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Stock futures trade mixed as tech selling continues


U.S. equities were trading mixed on Friday morning, after a late Thursday afternoon sell-off wiped out gains for stocks on Wall Street.

Dow futures have bounced between gains and losses, while the tech-heavy Nasdaq suggests a decline of 0.5%..

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The sharp about-face was once again directed by technology stocks, which have been behind choppy trading throughout the week.

TickerSecurityLastChangeChange %
I:DJIDOW JONES AVERAGES34715.39-313.26-0.89%
SP500S&P 5004482.73-50.03-1.10%
I:COMPNASDAQ COMPOSITE INDEX14154.020372-186.23-1.30%

The S&P 500 lost 1.1% to 4,482.73, a three-month low, with nearly 85% of stocks in the index falling. It’s now down 6% for the year.

The Nasdaq composite index fell 1.3% to 14,154.02, after rising as much as 2.1%. By Wednesday, the index’s recent losses had left it in what Wall Street considers a market correction, or 10% below its peak.

More than 500 Nasdaq stocks hit 52-week lows Thursday, including Starbucks and T-Mobile. Apple fell 1% and chipmaker Nvidia shed 3.7%.

The Dow Jones Industrial Average sank 0.9% to 34,715.39.

The yield on the 10-year Treasury fell to 1.78% from 1.83% late Thursday.

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The first week of fourth-quarter earnings season ends Friday on a quiet note, with oil services giant Schlumberger, consumer finance firm Ally Financial, regional bank Huntington Bancshares reporting.

On the economic calendar, the Conference Board will report it’s Leading Economic index for December. Watch for a 0.8% increase from the prior month.

In Europe, London’s FTSE fell 1%, Germany’s DAX lost 1.4% and France’s CAC declined 1.5%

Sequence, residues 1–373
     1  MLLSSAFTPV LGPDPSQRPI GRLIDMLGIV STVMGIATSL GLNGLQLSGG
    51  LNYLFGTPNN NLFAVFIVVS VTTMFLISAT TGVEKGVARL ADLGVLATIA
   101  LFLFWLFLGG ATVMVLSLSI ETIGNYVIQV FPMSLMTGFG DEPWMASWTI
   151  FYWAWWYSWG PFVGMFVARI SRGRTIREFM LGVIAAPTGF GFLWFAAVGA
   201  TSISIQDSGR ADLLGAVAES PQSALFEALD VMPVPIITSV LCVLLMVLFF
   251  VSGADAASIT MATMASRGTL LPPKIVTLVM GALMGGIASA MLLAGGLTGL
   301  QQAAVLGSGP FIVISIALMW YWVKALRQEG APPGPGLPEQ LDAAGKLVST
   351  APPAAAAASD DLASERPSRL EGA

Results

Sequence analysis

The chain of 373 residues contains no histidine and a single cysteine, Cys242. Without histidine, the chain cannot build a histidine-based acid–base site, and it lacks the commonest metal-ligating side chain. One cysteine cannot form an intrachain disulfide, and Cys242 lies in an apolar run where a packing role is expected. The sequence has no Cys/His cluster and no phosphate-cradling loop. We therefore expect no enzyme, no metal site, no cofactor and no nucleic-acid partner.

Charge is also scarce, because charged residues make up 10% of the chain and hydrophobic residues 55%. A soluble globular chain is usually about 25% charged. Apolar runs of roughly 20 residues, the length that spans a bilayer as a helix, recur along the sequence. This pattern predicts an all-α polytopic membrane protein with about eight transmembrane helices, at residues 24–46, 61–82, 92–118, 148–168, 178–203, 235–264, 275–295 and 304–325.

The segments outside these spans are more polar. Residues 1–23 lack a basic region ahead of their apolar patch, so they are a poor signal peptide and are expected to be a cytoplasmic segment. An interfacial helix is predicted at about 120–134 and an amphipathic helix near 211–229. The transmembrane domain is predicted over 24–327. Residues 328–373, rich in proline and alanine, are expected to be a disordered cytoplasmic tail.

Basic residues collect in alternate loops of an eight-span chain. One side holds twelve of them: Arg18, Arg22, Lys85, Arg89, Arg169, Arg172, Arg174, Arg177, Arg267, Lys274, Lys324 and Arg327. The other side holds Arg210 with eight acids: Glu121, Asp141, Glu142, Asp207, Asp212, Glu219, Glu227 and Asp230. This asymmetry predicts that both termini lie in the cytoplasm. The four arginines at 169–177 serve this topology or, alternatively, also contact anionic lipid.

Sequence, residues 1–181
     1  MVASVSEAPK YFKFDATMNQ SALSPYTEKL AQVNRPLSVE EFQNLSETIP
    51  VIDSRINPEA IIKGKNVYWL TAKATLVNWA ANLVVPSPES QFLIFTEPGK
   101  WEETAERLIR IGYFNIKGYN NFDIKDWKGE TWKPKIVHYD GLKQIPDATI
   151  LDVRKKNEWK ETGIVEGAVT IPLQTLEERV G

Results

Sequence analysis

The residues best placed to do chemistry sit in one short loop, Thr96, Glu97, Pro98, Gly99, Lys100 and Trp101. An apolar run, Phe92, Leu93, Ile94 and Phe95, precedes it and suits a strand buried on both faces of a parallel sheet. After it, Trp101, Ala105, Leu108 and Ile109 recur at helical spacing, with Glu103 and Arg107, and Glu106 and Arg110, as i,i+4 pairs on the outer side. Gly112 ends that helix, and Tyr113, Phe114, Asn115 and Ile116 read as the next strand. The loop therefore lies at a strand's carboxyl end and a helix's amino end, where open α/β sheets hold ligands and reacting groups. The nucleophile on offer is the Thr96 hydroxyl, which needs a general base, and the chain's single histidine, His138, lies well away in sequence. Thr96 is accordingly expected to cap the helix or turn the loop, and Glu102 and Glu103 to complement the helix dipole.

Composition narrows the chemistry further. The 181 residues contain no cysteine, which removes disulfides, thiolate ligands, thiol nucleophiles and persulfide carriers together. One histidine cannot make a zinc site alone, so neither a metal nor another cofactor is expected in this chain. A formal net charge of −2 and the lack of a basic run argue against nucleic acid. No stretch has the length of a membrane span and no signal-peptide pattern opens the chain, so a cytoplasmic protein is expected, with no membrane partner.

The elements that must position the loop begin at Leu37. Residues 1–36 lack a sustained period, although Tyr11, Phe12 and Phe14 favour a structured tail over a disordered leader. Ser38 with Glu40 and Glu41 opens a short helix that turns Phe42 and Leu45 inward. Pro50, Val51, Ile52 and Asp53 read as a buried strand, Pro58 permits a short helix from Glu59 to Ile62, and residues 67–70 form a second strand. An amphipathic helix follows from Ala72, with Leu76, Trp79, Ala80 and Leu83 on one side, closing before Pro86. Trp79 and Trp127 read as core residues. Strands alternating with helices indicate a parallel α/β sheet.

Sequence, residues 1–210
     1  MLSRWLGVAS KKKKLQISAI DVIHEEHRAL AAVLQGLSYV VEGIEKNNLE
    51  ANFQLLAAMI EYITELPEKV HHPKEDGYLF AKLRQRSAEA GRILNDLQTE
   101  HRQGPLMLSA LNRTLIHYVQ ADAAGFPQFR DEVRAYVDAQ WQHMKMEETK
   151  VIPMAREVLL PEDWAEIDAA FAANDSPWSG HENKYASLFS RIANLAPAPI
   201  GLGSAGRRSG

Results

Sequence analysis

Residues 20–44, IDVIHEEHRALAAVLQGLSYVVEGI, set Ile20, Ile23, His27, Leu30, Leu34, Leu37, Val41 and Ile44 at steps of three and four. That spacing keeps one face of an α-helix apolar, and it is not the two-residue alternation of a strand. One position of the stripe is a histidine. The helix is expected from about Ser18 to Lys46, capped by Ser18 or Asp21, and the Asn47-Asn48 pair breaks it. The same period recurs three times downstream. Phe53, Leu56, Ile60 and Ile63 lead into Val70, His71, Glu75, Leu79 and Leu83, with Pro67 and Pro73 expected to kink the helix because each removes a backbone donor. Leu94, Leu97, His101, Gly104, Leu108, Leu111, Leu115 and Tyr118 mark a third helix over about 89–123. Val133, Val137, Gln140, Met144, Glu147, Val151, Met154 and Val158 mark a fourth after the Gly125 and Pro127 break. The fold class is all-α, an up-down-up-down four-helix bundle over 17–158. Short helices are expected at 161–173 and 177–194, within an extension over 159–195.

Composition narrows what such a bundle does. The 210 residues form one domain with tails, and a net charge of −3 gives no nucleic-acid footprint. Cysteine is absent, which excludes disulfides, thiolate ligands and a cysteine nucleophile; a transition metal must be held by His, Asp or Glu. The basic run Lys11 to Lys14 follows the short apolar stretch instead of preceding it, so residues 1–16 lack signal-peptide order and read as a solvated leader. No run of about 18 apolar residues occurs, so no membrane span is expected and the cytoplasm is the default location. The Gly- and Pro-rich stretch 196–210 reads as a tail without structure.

In Asia, Japan’s Nikkei fell 0.9% after Toyota Motor Corp. announced production cuts due to parts shortages.  The automaker said it will suspend production at 11 plants in Japan for three days, on top of reductions planned in February. Those cuts mean it will fall short of the 9 million vehicles planned for the fiscal year through March, despite healthy demand.

The Hang Seng in Hong Kong added 0.1% and China’s Shanghai Composite index shed 0.9%.

JOBLESS CLAIMS UNEXPECTEDLY RISE TO 286,000, HIGHEST SINCE OCTOBER

The Labor Department provided a disappointing update, reporting that the number of Americans applying for unemployment benefits rose to its highest level in three months as the fast-spreading omicron variant continued to disrupt the job market.

The latest round of corporate earnings is also giving investors a clearer picture of where Americans are spending money and how inflation is impacting the economy.

American Airlines fell 3.2% and United Airlines slipped 3.4% after warning investors that the latest surge in COVID-19 cases will hurt their finances early in 2022. Both airlines reported losses for the fourth quarter, though they were smaller than analysts’ expected.

PELOTON STOCK TANKS ON BIKE PRODUCTION HALT REPORT, COMPANY SAYS CLAIMS ARE FALSE

Peloton shares got pummeled Thursday on reports it is pausing bike production, leading the company to issue an evening statement denying the claims. Shares fell 23.9% to $24.22, a two-year low. Thursday evening, Peloton co-founder and CEO John Foley issued a press release stating, “rumors that we are halting all production of bike and Treads are false.”

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In other trading, U.S. crude oil lost $1.83 to $83.71 per barrel in electronic trading on the New York Mercantile Exchange. It shed 25 cents to $85.80 on Thursday.

Brent crude oil, the basis for pricing international oil, lost $1.73 to $86.69 per barrel.

The Associated Press contributed to this report.



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